Introduction and Concepts
One Year Later

Bruce Momjian

It has been a year since the printing of my book so I thought I would reflect on the process. The book has sold eleven thousand copies in the first year, which is good, and is available in three languages. There are also now five other PostgreSQL books on the market, which is also good news.

Having the book content accessible on the Internet while I was writing the book was a great benefit, both to the quality of the book and to my morale while writing it. Keeping the content available even after publication has been a great boost too, so people who don't want to purchase the book can still benefit from it. (I am pleased to see content of the book Practical PostgreSQL,, has also remained online after publication.)

Writing a computer book is different from writing a general book because computer books require an excruciating amount of detail to convey information to the reader. It is easy to see why this is the case. Most items people use in their daily lives perform a limited number of functions. A dishwasher, a television, and even a car perform only a few basic functions and are fairly limited in how they can be controlled by the user. Certain devices, like VCR's, stretch the capabilities of their users, e.g., programming your VCR. Computers in some ways are alone in their ability to morph themselves to perform almost limitless functions. Of course, the computer doesn't move or make toast, but the input, processing, storage, and display devices can be manipulated in an infinite number of ways to perform a variety of functions. It is this open-ended nature that make computers so powerful, but it also makes them complicated to control.

In writing a computer book, it was my goal to take the limited topic of PostgreSQL and present it in a way that would make its form and function clear and controllable. Though I required the software be installed (more on that later), I did not make any other assumptions, and this allowed me to coherently present PostgreSQL's capabilities. The trick was to make PostgreSQL's capabilities, even the complex ones, almost obvious to users with no previous database experience.

In fact, one great challenge of the book was to order items in a way that there were few forward references to material that appeared later in the book. Another challenge was deciding what not to mention, or perhaps mention later, for fear that it could confuse readers more than help them. I also found the writing process to be similar to the process of programming enhancements to PostgreSQL -- my first attempt usually gets the job done, but is far too large and unorganized; my second attempt is closer but still doesn't fit cleanly into the existing code; and my final patch is usually the smallest, slipping into the code as though it was meant to be there all along. In writing my book, my goal was to fit together the pieces of PostgreSQL with the same clarity that exists in our source code.

Anyway, that was my goal, and I think I was fairly successful. However, this emphasis probably surprised some people. Most computer books fall into several general categories:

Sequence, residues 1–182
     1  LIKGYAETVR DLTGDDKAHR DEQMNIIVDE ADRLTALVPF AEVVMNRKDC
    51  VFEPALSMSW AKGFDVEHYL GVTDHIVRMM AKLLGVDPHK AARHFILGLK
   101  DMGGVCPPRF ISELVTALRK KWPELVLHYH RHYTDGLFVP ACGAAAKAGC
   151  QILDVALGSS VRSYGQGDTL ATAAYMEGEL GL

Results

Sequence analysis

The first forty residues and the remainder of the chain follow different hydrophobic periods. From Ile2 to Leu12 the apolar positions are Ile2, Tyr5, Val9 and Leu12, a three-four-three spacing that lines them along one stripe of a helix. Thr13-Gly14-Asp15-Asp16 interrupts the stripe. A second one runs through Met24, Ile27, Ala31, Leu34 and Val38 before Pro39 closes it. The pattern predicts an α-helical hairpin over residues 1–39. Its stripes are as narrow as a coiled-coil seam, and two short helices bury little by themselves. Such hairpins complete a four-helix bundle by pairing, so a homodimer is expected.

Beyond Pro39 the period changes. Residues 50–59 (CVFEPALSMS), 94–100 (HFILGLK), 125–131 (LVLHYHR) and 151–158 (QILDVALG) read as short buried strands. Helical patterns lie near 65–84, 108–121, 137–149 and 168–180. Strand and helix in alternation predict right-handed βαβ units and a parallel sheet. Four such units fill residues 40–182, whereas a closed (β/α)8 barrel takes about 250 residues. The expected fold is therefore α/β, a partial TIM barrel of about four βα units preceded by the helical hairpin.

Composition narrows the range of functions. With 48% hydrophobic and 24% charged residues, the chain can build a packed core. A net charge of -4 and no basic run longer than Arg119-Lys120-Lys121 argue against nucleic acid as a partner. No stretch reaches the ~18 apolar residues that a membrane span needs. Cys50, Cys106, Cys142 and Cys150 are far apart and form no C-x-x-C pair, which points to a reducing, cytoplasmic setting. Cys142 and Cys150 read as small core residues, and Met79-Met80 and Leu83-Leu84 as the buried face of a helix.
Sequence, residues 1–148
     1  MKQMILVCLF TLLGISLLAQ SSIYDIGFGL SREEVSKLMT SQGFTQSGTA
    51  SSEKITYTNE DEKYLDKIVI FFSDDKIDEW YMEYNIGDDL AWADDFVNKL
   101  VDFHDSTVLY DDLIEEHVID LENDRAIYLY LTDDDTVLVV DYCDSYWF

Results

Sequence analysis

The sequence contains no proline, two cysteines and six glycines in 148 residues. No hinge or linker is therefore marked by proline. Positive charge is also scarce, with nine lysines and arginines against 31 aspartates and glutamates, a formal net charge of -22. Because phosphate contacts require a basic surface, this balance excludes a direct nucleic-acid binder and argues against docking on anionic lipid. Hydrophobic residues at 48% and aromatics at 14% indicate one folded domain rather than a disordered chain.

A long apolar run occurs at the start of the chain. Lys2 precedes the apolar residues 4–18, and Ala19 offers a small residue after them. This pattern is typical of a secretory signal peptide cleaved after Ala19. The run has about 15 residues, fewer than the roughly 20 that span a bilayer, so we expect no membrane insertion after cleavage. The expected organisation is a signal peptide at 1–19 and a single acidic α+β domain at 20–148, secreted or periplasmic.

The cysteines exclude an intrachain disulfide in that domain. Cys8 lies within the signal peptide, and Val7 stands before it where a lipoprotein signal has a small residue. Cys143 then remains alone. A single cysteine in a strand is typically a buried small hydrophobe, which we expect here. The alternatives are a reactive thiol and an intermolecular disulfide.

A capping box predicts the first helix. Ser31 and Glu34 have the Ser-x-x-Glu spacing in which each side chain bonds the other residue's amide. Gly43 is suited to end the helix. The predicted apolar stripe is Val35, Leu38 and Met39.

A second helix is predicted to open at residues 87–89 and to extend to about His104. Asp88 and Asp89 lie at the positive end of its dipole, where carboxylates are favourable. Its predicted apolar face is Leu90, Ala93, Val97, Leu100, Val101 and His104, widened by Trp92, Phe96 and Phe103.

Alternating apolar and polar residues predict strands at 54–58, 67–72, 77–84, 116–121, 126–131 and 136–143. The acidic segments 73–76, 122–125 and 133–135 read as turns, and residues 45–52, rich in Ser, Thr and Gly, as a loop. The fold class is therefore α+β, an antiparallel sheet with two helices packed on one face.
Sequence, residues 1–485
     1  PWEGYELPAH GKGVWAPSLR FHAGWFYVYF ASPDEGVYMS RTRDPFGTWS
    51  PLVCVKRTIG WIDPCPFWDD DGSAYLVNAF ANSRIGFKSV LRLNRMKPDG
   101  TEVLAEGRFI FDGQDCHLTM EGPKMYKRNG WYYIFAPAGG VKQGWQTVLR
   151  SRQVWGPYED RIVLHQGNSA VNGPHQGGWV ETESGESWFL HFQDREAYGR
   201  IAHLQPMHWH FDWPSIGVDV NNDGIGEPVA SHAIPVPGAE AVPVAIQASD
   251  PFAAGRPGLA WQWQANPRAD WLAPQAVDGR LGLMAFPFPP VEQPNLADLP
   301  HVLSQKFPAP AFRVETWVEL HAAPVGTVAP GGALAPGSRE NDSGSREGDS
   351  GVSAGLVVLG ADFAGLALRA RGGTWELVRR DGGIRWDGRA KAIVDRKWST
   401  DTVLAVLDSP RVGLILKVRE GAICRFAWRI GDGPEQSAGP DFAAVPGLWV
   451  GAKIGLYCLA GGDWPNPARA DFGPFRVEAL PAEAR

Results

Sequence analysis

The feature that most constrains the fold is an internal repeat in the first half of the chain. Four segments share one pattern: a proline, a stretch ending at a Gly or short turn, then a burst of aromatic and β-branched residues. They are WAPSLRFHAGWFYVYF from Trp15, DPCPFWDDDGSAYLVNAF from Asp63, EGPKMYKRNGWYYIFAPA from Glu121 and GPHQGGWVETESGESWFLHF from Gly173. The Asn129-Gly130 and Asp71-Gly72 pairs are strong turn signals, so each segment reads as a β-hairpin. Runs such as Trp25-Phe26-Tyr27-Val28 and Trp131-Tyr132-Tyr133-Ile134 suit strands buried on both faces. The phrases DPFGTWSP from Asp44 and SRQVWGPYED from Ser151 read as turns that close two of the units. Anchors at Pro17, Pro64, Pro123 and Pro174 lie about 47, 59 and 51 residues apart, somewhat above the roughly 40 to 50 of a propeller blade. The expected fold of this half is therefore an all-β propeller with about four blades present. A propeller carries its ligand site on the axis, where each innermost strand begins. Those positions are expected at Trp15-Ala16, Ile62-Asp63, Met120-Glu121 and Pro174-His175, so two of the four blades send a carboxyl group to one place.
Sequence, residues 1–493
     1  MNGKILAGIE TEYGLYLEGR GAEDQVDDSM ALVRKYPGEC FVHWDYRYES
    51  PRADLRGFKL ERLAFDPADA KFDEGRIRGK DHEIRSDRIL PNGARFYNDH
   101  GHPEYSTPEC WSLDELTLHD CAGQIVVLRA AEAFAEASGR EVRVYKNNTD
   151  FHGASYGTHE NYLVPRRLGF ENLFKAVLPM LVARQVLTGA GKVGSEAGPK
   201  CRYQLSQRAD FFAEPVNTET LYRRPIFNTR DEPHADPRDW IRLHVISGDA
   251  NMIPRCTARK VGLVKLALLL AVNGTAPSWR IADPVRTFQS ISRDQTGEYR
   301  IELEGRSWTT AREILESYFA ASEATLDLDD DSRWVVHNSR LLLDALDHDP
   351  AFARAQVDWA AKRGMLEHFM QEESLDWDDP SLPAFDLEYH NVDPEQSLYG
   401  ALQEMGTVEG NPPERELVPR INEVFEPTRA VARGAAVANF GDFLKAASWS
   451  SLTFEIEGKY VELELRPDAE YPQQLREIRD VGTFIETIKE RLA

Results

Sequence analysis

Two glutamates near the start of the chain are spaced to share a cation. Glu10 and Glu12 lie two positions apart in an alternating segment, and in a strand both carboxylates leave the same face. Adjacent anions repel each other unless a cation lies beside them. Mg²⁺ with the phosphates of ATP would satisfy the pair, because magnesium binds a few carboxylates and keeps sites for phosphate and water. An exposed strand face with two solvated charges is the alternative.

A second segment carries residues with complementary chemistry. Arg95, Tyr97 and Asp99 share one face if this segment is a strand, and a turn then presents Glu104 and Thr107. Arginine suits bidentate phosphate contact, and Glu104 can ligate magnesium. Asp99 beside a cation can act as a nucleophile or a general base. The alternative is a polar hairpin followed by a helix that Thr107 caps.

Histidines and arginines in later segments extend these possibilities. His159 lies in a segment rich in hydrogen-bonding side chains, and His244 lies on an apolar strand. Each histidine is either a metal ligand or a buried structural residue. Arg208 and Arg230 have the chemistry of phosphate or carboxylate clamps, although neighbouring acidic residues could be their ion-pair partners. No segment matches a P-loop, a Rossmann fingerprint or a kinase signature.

My book doesn't fit into any of these categories. It does have a reference section at the back, and tips and some practical material, but its emphasis is not really any of these. The emphasis is on introducing PostgreSQL and explaining the database system with a conceptual emphasis. Though PostgreSQL has fine documentation, it does not have material that can be easily digested by inexperienced database users. Though it documents the nuts and bolts of PostgreSQL, it doesn't show you how those nuts and bolts fit together. My book was meant to fill that need.

Writing an open-source computer book is also slightly different from a general computer book. Open source software, and particularly PostgreSQL, is rapidly changing thanks to the many talented developers around the world connected via the Internet. However, a book, once printed, is hard to change, so care must be taken so the book remains relevant long after printing. The delay for translation into other languages makes longevity even more important. By placing reference material into a separate section, users can easily refer to it while reading the book and they can refer to more current reference material when future PostgreSQL releases are made. This is also why I did not cover installation in detail in the book -- PostgreSQL installation changes in subtle ways from release to release, so rather than provide material that may fail to work in future releases, I felt it was better for people to refer to installation instructions that exactly match the PostgreSQL version they are using.

The book is now in its third printing. The number of errors were minimal, thanks to the many reviewers of the online version. I continue to update the book's web page,, with changes relevant to PostgreSQL releases and with additional chapters. I am glad people are enjoying it. Writing a book was a great experience for me, and maybe someday, I will do it again. Commons Attribution License